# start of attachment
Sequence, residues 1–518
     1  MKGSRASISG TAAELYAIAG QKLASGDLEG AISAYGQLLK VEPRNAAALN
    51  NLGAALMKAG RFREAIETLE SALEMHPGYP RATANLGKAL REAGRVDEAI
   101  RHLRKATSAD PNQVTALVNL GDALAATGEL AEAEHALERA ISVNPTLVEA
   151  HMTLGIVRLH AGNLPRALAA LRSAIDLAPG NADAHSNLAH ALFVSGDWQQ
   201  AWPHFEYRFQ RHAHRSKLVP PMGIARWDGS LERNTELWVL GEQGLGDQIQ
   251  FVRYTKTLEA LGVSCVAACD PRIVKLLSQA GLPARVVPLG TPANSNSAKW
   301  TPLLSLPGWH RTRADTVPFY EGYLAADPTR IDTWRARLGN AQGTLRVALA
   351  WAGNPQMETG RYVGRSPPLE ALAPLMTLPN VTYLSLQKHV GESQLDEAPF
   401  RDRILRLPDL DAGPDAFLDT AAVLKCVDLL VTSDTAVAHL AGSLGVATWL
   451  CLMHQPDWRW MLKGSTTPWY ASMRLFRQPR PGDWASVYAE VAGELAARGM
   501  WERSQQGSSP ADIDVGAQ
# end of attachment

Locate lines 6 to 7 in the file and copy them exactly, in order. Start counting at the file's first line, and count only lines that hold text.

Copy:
   201  AWPHFEYRFQ RHAHRSKLVP PMGIARWDGS LERNTELWVL GEQGLGDQIQ
   251  FVRYTKTLEA LGVSCVAACD PRIVKLLSQA GLPARVVPLG TPANSNSAKW